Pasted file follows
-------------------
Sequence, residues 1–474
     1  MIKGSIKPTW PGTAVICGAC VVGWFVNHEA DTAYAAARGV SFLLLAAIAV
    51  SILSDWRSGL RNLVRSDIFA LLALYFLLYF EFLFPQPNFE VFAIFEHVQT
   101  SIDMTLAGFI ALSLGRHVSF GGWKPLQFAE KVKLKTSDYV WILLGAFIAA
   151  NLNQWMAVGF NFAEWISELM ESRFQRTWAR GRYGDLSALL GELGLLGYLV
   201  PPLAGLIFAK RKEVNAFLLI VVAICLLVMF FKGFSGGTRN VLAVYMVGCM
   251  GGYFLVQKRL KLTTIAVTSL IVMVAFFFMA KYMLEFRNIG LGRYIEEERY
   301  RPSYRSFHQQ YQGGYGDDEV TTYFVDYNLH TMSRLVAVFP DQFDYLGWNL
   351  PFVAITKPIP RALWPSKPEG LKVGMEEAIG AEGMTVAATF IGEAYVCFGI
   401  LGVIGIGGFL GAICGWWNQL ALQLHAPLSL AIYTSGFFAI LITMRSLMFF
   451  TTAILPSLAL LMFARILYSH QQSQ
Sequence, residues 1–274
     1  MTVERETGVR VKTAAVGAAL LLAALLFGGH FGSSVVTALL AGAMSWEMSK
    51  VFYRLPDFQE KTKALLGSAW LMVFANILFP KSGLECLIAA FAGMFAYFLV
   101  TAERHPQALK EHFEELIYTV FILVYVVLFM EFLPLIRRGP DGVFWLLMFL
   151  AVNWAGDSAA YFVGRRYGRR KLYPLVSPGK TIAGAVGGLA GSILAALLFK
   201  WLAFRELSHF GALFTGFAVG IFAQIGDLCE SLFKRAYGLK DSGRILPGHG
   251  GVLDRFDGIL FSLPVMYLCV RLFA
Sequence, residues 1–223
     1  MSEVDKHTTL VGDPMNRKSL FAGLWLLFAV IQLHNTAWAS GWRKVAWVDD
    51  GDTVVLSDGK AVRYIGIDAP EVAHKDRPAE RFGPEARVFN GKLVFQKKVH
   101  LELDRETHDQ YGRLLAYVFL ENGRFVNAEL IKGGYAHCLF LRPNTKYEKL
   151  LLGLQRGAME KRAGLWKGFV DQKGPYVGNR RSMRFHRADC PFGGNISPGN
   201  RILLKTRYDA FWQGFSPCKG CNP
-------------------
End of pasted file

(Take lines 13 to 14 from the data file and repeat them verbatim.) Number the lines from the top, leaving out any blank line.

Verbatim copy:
     1  MTVERETGVR VKTAAVGAAL LLAALLFGGH FGSSVVTALL AGAMSWEMSK
    51  VFYRLPDFQE KTKALLGSAW LMVFANILFP KSGLECLIAA FAGMFAYFLV